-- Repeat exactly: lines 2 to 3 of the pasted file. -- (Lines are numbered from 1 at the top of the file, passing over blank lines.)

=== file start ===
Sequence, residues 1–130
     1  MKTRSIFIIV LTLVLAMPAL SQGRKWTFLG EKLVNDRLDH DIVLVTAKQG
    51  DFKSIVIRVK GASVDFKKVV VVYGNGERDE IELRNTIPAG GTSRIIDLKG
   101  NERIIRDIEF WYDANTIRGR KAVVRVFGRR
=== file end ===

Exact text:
     1  MKTRSIFIIV LTLVLAMPAL SQGRKWTFLG EKLVNDRLDH DIVLVTAKQG
    51  DFKSIVIRVK GASVDFKKVV VVYGNGERDE IELRNTIPAG GTSRIIDLKG